What's the government's debt-to-GDP ratio at the end of the year in Kimball's example? I'm not sure how he'd account for it. I imagine it should be 69 percent (60 + 9). Perhaps it is 66 percent (60 + 6)? Either way, it is more than the 63 percent of just giving people money. His plan requires a larger debt-to-GDP ratio. If his accounting ends up with just 60 percent, I'm not sure I understand how he is doing it.

    Now Kimball will say that bond vigilantes will be happy with this. Why? Because there's a built-in plan for repaying it. "[T]he fact that much of the money would ultimately be repaid would dramatically reduce the ultimate addition to the national debt...(though at a relatively attractive ratio of additional aggregate demand to addition to national debt)."

    If we are guessing as to what the bond vigilantes want, it is clear they want more U.S. government debt. Ten-year Treasuries are selling at 1.5 percent, while real interest rates are negative! But for the purposes of the FOLC, we need a few assumptions about what the bond vigilantes think, which aren't clear.

    First (i) it assumes that the bond market will only care about the government's long-run debt ratio instead of the short-term. I think that's correct. But much of the bond vigilante argument is predicated on the opposite, that no matter what the long-term is, the capital markets will freak on short-term deficits.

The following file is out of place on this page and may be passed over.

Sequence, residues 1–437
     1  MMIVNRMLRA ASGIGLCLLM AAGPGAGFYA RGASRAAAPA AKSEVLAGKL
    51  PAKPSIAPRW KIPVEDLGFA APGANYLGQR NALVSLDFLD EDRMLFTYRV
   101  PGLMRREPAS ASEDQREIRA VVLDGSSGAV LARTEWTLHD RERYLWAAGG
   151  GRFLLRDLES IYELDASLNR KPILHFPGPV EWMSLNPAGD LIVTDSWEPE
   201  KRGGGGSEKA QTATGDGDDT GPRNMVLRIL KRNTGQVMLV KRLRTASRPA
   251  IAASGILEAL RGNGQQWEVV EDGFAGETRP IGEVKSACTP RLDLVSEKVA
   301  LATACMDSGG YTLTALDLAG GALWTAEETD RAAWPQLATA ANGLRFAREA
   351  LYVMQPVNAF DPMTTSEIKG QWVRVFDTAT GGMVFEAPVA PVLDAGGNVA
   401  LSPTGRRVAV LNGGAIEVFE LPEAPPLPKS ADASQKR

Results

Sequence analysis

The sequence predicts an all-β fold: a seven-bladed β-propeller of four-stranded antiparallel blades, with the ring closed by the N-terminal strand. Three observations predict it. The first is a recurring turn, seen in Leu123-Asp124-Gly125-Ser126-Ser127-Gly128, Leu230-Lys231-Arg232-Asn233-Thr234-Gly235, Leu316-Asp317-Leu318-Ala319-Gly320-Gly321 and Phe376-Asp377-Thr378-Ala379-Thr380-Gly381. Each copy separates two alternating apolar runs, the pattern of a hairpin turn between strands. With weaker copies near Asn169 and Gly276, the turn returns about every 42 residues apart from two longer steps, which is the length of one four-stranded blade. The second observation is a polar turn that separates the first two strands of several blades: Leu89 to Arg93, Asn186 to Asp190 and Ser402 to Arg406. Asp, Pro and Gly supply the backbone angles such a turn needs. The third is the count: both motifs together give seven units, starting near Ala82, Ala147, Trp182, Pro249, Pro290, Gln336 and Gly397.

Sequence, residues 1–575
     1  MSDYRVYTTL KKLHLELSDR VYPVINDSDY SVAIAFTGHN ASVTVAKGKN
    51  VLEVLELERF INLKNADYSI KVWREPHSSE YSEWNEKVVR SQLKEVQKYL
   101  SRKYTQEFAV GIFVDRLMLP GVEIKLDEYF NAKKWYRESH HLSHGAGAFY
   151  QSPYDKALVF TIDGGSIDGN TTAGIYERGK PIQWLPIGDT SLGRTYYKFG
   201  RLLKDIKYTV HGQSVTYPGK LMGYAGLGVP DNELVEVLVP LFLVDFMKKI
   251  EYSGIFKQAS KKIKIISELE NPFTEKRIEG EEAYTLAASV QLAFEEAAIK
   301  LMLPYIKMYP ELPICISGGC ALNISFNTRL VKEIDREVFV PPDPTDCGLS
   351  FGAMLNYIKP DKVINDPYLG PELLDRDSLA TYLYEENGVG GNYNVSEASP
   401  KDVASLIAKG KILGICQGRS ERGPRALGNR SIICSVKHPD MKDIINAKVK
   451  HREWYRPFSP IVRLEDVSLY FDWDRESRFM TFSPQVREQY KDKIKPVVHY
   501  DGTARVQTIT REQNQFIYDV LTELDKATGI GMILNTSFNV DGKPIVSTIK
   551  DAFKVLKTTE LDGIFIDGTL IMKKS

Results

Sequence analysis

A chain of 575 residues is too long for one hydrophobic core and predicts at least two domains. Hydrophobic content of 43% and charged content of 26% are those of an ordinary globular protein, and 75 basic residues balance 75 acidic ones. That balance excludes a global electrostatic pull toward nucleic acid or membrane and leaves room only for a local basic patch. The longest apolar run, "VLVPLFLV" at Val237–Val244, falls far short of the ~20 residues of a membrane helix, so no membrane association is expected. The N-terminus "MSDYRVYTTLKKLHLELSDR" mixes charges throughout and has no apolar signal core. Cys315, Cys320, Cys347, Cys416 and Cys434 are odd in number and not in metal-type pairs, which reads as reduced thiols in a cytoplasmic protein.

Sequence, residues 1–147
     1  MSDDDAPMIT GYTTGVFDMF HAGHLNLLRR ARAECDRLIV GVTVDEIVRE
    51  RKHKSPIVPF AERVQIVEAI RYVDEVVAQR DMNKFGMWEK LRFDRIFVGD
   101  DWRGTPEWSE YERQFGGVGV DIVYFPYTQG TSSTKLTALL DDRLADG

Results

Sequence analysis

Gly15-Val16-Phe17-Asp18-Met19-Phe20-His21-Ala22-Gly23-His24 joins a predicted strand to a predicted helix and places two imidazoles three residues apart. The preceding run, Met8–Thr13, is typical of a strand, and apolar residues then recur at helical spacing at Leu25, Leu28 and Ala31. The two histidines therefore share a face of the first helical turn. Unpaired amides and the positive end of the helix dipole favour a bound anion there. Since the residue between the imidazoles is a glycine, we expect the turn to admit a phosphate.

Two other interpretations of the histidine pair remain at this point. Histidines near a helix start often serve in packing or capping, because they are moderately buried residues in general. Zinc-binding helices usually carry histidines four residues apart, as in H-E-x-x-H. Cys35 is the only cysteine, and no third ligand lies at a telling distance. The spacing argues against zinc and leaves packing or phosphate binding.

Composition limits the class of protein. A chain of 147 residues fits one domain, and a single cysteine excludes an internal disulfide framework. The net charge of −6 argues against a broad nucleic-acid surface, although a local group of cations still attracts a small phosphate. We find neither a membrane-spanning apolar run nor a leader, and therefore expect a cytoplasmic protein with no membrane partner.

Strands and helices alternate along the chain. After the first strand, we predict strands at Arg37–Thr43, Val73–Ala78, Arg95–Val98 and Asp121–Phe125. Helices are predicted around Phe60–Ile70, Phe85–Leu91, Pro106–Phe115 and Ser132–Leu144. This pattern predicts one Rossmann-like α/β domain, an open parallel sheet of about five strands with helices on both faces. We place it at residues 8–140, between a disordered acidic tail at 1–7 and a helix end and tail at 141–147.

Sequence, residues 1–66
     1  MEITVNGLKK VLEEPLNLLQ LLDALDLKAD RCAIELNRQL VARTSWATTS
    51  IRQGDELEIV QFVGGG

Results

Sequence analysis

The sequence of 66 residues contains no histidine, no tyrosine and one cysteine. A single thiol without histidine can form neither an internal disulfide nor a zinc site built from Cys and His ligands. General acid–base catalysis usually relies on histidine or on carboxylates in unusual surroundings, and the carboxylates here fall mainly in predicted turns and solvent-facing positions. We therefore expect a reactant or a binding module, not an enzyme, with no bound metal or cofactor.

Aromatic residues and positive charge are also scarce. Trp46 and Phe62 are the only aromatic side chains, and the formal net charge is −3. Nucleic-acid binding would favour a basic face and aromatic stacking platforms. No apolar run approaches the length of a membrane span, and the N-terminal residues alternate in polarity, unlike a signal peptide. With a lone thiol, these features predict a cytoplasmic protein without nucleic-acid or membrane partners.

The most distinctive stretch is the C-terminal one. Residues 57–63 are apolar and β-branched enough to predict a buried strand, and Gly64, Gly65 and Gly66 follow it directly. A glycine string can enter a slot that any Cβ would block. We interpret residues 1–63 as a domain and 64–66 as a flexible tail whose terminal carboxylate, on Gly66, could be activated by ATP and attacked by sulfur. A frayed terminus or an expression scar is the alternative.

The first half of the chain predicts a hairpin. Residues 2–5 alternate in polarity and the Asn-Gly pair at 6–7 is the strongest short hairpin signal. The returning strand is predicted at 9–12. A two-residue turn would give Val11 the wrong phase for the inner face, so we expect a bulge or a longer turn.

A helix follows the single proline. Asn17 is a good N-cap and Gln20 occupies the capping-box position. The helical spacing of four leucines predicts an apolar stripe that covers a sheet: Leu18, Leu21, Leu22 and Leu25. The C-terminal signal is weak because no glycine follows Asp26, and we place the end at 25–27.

It also assumes (ii) that the repayments of these FOLC will be made easier through debt collection than just collecting the equivalent amount of money through taxation. I see no reason why that's the case, and many reasons to believe the opposite.

    III: This policy will involve trying to get blood from a turnip. I very much distrust it when economists waive away bankruptcy protection. Especially for experimental, controversial debts that have never been tried in known human history.

    As the paper admits, this is a machine for generating adverse selection, as the people most likely to use it are people whose credit access is cut due to the recession. High-risk users will likely transfer their balances from higher rate credit cards to their FOLC (either explicitly or implicitly over time if barred) - transferring a nice chunk of credit risk from the financial industry to taxpayers.